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Control of lipid domain organization by a biomimetic contractile actomyosin cortex.

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Vogel,  Sven Kenjiro
Schwille, Petra / Cellular and Molecular Biophysics, Max Planck Institute of Biochemistry, Max Planck Society;

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Greiss,  Ferdinand
Schwille, Petra / Cellular and Molecular Biophysics, Max Planck Institute of Biochemistry, Max Planck Society;

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Khmelinskaia,  Alena
Schwille, Petra / Cellular and Molecular Biophysics, Max Planck Institute of Biochemistry, Max Planck Society;

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Schwille,  Petra
Schwille, Petra / Cellular and Molecular Biophysics, Max Planck Institute of Biochemistry, Max Planck Society;

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elife-24350-v2.pdf
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Citation

Vogel, S. K., Greiss, F., Khmelinskaia, A., & Schwille, P. (2017). Control of lipid domain organization by a biomimetic contractile actomyosin cortex. eLife, 6: e24350. doi:10.7554/eLife.24350.


Cite as: http://hdl.handle.net/11858/00-001M-0000-002D-E216-F
Abstract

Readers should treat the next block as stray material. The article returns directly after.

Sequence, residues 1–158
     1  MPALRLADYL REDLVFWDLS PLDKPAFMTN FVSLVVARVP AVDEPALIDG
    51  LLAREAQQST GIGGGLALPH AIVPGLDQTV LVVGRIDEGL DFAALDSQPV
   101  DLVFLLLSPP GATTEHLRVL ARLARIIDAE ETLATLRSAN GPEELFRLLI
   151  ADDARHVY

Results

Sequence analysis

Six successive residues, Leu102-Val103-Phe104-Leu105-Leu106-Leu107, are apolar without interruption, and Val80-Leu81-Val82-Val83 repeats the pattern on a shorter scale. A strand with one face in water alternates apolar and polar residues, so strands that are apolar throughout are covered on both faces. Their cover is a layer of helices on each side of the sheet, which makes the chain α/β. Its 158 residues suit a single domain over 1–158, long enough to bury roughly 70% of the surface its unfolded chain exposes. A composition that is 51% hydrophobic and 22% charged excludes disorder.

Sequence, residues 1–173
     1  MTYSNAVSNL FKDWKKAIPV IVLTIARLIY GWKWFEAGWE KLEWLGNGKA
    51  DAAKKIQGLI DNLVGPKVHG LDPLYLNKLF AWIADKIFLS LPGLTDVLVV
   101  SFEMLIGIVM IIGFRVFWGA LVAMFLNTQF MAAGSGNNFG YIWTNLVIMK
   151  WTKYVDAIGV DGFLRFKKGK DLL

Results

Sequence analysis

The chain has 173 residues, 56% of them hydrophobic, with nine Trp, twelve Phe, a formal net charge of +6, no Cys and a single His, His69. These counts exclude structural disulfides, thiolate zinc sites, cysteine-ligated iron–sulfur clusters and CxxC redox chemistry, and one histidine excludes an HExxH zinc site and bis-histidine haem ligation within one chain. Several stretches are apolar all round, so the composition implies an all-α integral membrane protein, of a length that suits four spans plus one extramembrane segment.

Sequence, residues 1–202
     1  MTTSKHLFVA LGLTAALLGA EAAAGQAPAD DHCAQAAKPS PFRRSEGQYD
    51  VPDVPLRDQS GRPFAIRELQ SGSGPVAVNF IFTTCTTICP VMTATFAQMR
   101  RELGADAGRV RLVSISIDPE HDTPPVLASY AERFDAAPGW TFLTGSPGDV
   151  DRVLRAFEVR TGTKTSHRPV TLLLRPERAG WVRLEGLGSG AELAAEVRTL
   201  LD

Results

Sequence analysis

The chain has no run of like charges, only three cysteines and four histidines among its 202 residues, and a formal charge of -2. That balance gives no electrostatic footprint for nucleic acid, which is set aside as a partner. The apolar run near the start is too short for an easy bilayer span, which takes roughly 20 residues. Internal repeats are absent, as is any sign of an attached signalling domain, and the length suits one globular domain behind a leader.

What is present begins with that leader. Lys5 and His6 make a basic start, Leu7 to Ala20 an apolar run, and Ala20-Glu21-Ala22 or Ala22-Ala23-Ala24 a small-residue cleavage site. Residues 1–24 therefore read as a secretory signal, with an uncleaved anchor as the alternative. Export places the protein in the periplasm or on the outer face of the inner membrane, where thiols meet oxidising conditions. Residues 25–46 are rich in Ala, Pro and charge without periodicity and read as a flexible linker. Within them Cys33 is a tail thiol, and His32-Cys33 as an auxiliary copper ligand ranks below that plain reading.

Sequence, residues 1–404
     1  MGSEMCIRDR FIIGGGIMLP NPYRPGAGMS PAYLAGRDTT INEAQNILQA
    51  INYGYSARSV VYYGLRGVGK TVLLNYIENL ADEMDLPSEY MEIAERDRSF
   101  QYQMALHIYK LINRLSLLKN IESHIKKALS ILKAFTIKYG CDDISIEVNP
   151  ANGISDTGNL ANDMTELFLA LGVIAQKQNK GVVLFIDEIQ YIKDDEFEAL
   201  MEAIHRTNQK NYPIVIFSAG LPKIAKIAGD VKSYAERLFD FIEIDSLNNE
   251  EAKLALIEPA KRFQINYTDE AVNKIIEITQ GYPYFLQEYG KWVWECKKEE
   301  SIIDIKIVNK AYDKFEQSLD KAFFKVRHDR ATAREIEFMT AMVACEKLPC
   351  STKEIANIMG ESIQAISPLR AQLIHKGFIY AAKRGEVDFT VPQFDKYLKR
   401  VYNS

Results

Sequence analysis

The cell membrane is a heterogeneously organized composite with lipid-protein micro-domains. The contractile actin cortex may govern the lateral organization of these domains in the cell membrane, yet the underlying mechanisms are not known. We recently reconstituted minimal actin cortices (MACs) (Vogel et al., 2013b) and here advanced our assay to investigate effects of rearranging actin filaments on the lateral membrane organization by introducing various phase-separated lipid mono- and bilayers to the MACs. The addition of actin filaments reorganized membrane domains. We found that the process reached a steady state where line tension and lateral crowding balanced. Moreover, the phase boundary allowed myosin driven actin filament rearrangements to actively move individual lipid domains, often accompanied by their shape change, fusion or splitting. Our findings illustrate how actin cortex remodeling in cells may control dynamic rearrangements of lipids and other molecules inside domains without directly binding to actin filaments.